While the Great Barrier Reef has become the ecological poster child of what climate change can do in Australia, other environments are already showing the consequences of rising global temperatures, according to a new paper.
Global temperatures have risen 0.9C since 1884 (the beginning of industrialisation) and all signs say that these temperatures will continue to rise.
The Great Barrier Reef (which makes up 10% of the world's coral reef ecosystems) is already falling victim to rising ocean temperatures and increased water acidity.
The reef has suffered back-to-back bleaching events in recent years as a result of rising water temperatures, with 30% of the coral lost in 2016 and a further 20% lost in 2017.
So, how else is climate change impacting Australian environments?
A recent paper published in Nature by a team of ecologists and biologists says that climate change is having destructive consequences around the country.
The paper looked at six different environments across our marine, desert, mangrove, and alpine landscapes, and found that these ecologies are already being severely disrupted by our rising temperatures and extreme weather events.
Australia has experienced a 1C rise in average sea, air and land temperatures since 1910.
Our fire seasons have become longer since the 1970s, sea levels have risen, and rainfall patterns have changed (in the southwest rainfall has decreased by 19% and the northern part of the country has become wetter).
While Australian ecosystems are used to enduring extreme events such as fire and rapid temperature change, they are no longer being allowed the time to recover.
Dr Rebecca Harris, climate change and biodiversity researcher from the University of Tasmania and co-author of the study, told BuzzFeed News she believes that these climatic changes could result in "potentially irreversible ecosystem shifts".
The paper describes a 2011 Western Australian marine heatwave that increased the water temperature by 2-5C above 140-year-old averages within the space of 10 weeks.
This heatwave wiped out a 385 square kilometre kelp forest that fed a unique ecosystem of marine animals and allowed tropical seaweed to move in instead, upending an entire environment.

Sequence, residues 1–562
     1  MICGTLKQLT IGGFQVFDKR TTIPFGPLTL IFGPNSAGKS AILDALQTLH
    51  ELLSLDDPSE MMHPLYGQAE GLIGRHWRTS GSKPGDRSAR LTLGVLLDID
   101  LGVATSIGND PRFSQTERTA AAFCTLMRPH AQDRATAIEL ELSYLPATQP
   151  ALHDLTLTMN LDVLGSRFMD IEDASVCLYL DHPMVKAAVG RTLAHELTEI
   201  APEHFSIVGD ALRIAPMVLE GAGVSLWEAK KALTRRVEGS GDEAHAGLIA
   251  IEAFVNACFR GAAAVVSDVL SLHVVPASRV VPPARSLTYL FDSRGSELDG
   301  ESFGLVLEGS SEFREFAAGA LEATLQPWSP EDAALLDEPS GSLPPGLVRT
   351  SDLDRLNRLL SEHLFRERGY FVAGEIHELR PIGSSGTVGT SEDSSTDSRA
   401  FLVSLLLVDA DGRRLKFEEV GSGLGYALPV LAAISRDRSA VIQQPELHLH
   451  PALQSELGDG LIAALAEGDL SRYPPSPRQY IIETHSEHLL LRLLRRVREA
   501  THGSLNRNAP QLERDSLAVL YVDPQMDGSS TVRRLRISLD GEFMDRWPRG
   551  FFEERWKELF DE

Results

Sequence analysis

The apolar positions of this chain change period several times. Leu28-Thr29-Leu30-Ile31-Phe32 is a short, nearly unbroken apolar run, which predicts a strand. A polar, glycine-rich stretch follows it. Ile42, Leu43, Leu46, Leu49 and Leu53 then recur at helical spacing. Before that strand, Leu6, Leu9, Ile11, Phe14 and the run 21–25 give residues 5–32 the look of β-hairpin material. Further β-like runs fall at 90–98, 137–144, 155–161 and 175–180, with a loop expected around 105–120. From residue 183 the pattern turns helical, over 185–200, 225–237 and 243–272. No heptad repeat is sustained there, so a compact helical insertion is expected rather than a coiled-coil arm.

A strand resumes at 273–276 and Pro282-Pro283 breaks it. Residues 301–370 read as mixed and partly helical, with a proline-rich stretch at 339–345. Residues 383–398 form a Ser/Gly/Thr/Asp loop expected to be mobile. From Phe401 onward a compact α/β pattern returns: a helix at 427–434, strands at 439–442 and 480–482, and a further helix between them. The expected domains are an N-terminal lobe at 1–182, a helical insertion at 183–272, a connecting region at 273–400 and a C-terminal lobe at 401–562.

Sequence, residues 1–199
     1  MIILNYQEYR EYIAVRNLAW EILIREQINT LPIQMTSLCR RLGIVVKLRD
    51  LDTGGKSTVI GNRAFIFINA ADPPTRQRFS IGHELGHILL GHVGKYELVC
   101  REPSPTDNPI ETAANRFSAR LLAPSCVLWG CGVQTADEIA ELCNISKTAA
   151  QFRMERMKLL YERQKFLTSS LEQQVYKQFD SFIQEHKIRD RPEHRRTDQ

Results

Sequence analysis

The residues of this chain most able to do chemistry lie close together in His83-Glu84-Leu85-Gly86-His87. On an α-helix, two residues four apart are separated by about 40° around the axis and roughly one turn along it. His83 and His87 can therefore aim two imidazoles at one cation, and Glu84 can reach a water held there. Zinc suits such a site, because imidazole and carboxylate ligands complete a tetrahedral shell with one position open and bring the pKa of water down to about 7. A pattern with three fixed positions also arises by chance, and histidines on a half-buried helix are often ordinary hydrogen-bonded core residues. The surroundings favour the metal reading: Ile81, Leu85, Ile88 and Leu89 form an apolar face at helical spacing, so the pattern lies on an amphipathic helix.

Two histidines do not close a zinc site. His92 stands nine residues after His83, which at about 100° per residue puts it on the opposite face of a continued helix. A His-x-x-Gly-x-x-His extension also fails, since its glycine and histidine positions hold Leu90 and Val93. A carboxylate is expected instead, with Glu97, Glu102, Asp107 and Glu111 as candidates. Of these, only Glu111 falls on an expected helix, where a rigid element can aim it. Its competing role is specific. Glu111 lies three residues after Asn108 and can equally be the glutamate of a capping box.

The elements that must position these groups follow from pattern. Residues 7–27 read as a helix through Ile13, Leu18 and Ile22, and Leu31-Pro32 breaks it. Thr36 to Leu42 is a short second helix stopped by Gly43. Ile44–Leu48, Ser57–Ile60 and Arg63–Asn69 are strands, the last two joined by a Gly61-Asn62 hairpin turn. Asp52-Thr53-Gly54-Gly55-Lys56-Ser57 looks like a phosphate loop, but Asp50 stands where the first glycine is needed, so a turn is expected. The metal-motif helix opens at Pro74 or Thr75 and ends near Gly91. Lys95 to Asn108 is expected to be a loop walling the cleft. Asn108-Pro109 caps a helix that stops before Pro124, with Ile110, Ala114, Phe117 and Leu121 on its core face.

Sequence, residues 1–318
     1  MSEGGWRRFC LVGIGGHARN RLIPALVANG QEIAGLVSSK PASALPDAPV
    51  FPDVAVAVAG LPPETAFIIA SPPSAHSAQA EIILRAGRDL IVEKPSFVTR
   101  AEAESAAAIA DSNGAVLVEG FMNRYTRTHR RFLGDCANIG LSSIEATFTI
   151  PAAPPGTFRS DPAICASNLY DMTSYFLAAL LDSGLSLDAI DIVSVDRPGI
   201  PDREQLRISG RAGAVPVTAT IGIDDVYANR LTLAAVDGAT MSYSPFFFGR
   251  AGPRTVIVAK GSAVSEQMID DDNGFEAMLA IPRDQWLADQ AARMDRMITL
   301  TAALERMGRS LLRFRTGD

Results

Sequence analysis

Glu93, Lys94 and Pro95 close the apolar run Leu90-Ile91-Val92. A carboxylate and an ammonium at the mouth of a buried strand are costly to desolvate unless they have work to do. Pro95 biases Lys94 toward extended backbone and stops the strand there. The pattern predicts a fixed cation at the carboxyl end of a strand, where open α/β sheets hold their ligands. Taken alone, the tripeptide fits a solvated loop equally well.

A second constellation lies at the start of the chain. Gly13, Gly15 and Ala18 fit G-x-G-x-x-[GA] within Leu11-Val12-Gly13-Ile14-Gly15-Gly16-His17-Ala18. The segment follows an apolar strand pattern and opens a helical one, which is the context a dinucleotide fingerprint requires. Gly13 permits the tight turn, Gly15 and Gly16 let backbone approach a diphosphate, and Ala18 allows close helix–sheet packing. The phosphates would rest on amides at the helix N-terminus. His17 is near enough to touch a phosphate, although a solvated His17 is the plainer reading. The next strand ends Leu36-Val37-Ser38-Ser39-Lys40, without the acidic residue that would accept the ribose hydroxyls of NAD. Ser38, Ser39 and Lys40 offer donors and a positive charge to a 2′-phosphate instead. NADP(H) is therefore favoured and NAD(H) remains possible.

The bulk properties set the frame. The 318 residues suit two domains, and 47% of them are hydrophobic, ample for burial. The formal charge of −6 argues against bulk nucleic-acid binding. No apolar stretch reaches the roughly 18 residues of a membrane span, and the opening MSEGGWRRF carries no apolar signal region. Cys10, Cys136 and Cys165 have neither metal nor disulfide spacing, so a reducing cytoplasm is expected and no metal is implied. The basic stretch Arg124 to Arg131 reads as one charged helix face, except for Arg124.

The authors note that while these events may not always result in the immediate endangerment of species, there are cascading consequences that can trigger "ecosystem-wide responses to extreme events".
In 2011, extensive fires that burnt up to 70% of some Strzelecki Desert ranges were blamed on abnormally high rainfall over previous seasons that caused widespread plant growth, giving the fire fuel to travel.
Dr Linda Beaumont, a lecturer in biological sciences from Macquarie University and another author of the paper, told BuzzFeed News that as our average temperature increases, Australia is going to see vast changes to our environment.
"When we ... increase the average temperature, we also alter what happens to the extreme, so higher average temperatures mean vastly more frequent extreme heat events occurring. It's really those extremes that are the problem."
By 2090, the number of severe fire danger days in Queensland and across the east coast are predicted to rise by 160-190%.
The authors suggest that even if we manage to keep the rise in global temperatures to 2C, major climatic events such as heatwaves will continue to have unprecedented effects on our environment.
Harris notes that our current conservation and management techniques may not be enough to battle these changes.
"Of the six case studies, some of them could have perhaps been helped with some management intervention, although equally one of the lessons which is a little bit frightening is that potentially it's a little bit out of our hands."
Beaumont believes that the only way this can be addressed is to act quickly and reduce carbon emissions.
"The faster we can get greenhouse gas emissions down, the lower [the] ultimate increase in temperature. It really is a matter of sooner rather than later."